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If You Aspire to Be a Great Place to Work, You’ve Set the Bar Too Low

If You Aspire to Be a Great Place to Work, You’ve Set the Bar Too Low

Martha Finney, CEO. Career Landscapes

So the 2011 Fortune Best Companies to Work for list has been out new for several months.  Did anyone really notice it this year, except for the winning 100 companies?  I wonder if this is a notion whose time has come and gone. (File under:  Ho hum)

Like so many ideas that were appealing at the moment (with many of those landing the genius in the hospital), this phrase comes to mind:  “It seemed like a good idea at the time.” Now a new phrase – well, an old phrase – keeps cropping up: “They should just be glad they have a job.”  Is it any surprise I’m not a big fan of that one either?

By now companies that are aiming for the 2012 list have their expensive campaigns in full swing.  A lot of money is invested in communications packages and programs that the companies are convinced will help them stand out from the crowd of the poor schlubs that are just plain decent to their people.  But I’m thinking that “just plain decent” is the way to go now.  Who needs to bring their dog to work when what they really need is, say, a job where they’re treated respectfully and their skills are recognized and put to good use?

I think it’s time for the entire employee engagement conversation to undergo a 2.0 overhaul. We need to transform the topic of what makes a great place to work to what makes a culture where great people want to come to work.

This is not in any way meant to disparage The Great Places to Work Institute or call into question the authenticity of its intent and the quality of any individual company that competes to make the list. However, like any movement that starts out true and good and is fighting hard to keep its integrity, its core concept has also been hijacked by those who want to feed off the original vision, those who just want to win – or companies and consultants that want to make money helping employers make the list. With the emphasis focused on making the list rather than truly creating a place where people voluntarily contribute their absolute greatness – what William Blake called the divine spark – we have shifted our attention to the finger pointing at the moon and away from the moon itself.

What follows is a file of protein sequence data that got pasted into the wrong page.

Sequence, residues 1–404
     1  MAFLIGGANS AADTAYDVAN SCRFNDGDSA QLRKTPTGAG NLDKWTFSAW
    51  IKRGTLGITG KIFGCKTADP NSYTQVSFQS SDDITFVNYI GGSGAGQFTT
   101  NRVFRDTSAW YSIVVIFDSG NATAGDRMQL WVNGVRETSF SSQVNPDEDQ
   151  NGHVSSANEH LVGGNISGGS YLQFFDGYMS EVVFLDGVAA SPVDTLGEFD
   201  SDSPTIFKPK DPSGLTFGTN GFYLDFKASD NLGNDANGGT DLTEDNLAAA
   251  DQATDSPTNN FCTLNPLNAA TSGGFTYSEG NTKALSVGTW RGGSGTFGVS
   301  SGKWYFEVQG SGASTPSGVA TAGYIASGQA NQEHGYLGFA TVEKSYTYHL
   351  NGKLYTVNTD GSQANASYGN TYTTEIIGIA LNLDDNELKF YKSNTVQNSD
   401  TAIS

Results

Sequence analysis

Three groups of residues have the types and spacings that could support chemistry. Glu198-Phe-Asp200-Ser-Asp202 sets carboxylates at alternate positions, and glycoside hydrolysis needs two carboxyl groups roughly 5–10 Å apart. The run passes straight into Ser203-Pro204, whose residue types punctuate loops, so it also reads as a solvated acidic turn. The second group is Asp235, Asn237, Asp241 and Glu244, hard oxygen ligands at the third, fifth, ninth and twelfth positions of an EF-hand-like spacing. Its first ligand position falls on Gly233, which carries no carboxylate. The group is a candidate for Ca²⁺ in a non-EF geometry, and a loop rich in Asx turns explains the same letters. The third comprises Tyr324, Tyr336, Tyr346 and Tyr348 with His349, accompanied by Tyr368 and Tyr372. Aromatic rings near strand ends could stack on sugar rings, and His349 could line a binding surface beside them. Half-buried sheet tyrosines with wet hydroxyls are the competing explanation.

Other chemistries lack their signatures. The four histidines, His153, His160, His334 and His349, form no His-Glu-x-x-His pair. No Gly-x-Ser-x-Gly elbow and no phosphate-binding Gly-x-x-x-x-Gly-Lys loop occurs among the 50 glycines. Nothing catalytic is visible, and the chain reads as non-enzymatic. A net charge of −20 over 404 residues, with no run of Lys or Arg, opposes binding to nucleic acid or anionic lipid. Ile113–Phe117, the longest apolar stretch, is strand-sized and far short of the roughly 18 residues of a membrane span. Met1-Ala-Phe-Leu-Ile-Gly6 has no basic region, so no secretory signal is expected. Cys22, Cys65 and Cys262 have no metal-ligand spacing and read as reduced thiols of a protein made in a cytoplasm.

We’ve gotten too fancy. As a result companies have become slave to the methodology rather than the mission. The elaborateness of survey instruments, indexes, even the doodads dangled in front of employees like bait reveal a fundamental disconnect that persists: Employees – one by one -- are looking for a job (or life’s work) that they can truly pour their hearts into. The result? The company has an extensive, Byzantine metrics system set up to gauge how engaging its managers are. And it has a doodads list long enough to encircle the globe. But there is absolutely no understanding of what passions truly burn in the hearts of its employees. One very common tell-tale sign: The company has a web-enabled careers tab that may be state-of-the-art technology-wise, but it has the inspiring welcome of a flounder flat and dead on a platter.